They are needed for prostaglandin synthesis (long-chain fatty acids) and they are important for immune cells



What are the half-lives of the following proteins?

  • Albumin
  • Transferrin
  • Prealbumin

  • Albumin: 18 days
  • Transferrin: 10 days
  • Prealbumin: 2 days


Where do carbohydrate and protein digestion begin, respectively?

  • Carbohydrate: Mouth with salivary amylase (followed by pancreatic amylase and disaccharidases)
  • Protein: Stomach with gastric pepsin (followed by trypsin, chymotrypsin, and carboxypeptidases)


What are the formulas for calorie and protein requirements in a burn patient?

  • Calorie requirement = 25 kcal/kg/day + (30 kcal/day x % burn)
  • Protein requirement = 1-1.5 g/kg/day + (3g x % burn)


Refeeding syndrome results in decreased levels of which 3 minerals?

  1. K
  2. Mg
  3. PO4


[This causes cardiac dysfunction, profound weakness, and encephalopathy. Refeeding syndrome can be prevented by starting to re-feed at a low rate (10-15 kcal/kg/day).]


What is the main effect of a deficiency of the following vitamins?

  • Vitamin A
  • Vitamin K
  • Vitamin D
  • Vitamin E

  • Vitamin A: Night blindness
  • Vitamin K: Coagulopathy
  • Vitamin D: Rickets, osteomalacia, osteoporosis
  • Vitamin E: Neuropathy


What is the primary fuel for the following cell types?

  • Colonocytes
  • Small bowel enterocytes
  • Neoplastic cells

  • Colonocytes: Short-chain fatty acids such as Butyric acid
  • Small bowel enterocytes: Glutamine
  • Neoplastic cells: Glutamine


What are 3 preoperative signs of poor nutritional status?

  1. Acute weight loss > 10% in 6 months
  2. Weight < 85% of ideal body weight
  3. Albumin < 3.0


[Albumin < 3.0 is a strong risk factor for morbidity and mortality after surgery.]


Which amino acid is the primary substrate for gluconeogenesis?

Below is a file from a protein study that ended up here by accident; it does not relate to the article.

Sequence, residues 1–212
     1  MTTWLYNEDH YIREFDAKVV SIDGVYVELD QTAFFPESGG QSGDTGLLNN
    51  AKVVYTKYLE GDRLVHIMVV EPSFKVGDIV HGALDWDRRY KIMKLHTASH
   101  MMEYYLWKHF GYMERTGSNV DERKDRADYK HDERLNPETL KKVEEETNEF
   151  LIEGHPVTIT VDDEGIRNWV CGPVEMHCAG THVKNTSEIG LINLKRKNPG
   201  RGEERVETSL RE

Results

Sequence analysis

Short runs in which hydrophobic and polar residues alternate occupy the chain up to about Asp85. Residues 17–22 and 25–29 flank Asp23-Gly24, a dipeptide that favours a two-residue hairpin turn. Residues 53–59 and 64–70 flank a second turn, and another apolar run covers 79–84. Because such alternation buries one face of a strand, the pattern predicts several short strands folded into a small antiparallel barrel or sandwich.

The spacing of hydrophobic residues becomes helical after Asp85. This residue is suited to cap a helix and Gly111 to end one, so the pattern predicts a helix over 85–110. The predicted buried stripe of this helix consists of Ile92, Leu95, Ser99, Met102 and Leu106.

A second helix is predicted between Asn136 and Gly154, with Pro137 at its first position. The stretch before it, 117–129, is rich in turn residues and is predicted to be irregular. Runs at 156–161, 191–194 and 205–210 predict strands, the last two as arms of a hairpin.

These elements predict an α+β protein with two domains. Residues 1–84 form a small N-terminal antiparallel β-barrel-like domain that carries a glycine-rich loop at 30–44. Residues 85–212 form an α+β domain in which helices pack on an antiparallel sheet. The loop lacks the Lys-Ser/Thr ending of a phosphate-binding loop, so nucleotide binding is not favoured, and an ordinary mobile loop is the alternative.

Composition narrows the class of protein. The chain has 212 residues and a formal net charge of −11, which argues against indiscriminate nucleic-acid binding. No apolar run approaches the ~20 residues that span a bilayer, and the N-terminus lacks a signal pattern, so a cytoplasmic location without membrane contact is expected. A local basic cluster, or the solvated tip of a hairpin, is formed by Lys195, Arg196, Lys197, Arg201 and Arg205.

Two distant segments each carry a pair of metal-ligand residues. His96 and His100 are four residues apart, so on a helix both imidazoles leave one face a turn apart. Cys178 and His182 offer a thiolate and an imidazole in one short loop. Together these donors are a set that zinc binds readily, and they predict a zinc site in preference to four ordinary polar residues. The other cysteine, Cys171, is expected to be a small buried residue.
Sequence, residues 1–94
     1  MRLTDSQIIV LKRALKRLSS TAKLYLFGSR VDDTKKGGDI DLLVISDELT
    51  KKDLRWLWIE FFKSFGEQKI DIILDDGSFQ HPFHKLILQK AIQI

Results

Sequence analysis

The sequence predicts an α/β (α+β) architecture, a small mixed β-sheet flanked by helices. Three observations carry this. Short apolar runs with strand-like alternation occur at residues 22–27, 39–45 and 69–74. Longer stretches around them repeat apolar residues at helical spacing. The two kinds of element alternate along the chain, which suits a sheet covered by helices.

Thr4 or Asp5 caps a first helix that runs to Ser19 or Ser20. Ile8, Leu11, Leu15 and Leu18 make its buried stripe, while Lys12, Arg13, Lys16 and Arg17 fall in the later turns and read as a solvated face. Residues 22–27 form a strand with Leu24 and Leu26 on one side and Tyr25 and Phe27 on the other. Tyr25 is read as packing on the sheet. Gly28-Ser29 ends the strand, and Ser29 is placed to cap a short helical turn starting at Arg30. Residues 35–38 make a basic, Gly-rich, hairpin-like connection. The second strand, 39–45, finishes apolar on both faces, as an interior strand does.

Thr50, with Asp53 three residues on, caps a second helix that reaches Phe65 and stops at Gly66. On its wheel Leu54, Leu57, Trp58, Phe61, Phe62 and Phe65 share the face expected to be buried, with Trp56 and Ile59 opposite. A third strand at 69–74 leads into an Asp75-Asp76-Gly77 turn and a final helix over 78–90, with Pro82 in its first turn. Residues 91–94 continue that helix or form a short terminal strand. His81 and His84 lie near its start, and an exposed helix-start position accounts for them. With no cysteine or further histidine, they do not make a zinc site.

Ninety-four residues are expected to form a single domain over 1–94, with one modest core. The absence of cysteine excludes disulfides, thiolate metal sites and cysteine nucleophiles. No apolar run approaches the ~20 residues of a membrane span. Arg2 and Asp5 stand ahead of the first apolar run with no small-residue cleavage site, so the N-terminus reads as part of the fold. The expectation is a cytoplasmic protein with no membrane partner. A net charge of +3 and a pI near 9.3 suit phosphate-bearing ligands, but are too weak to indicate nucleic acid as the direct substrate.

[Alanine is the simplest amino acid precursor for gluconeogenesis. Alanine and phenylalanine are the only amino acids to increase during times of stress. In late starvation, gluconeogenesis occurs in the kidney.]


Which 4 cells/tissues are obligate glucose users?

  1. Peripheral nerves
  2. Adrenal medulla
  3. Red blood cells
  4. White blood cells


[Glucose is the primary energy source for the brain, however, in starvation the brain utilizes ketones.]


Whats the difference between Kwashiorkor and Marasmus?

  • Kwashiorkor = Relative protein deficiency
  • Marasmus = Starvation


What is the difference between the absorption of long-chain fatty acids and medium- or short-chain fatty acids?

  • Long-chain fatty acids: taken up into micelles which enter enterocytes by fusing with the membrane
  • Medium- and short-chain fatty acids: Enter enterocytes by simple diffusion


[Long-chain fatty acids enter lymphatics along with chylomicrons. Medium- and short-chain fatty acids enter the portal system along with amino acids and carbohydrates.]


What are the ideal body weights for men and women respectively?

  • Ideal body weight of a man = 106 lbs + 6 lbs for each inch over 5 ft tall
  • Ideal body weight of a woman = 100 lbs + 5 lbs for each inch over 5 ft tall


Which vitamin deficiency is characterized by all of the following?

  • Poor wound healing
  • Fragile capillaries resulting in easy bruising and gingival bleeding

Vitamin C deficiency


How are saturated and unsaturated fatty acids used differently by the body?

  • Saturated fatty acids: Used for fuel by cardiac and skeletal muscles
  • Unsaturated fatty acids: Used as structural components for cells


Which amino acid is the most common amino acid in the bloodstream and tissue, helps with nitrogen excretion by releasing NH4 in the kidney, and can be used for gluconeogenesis?



[Glutamine is the primary fuel for small bowel enterocytes.]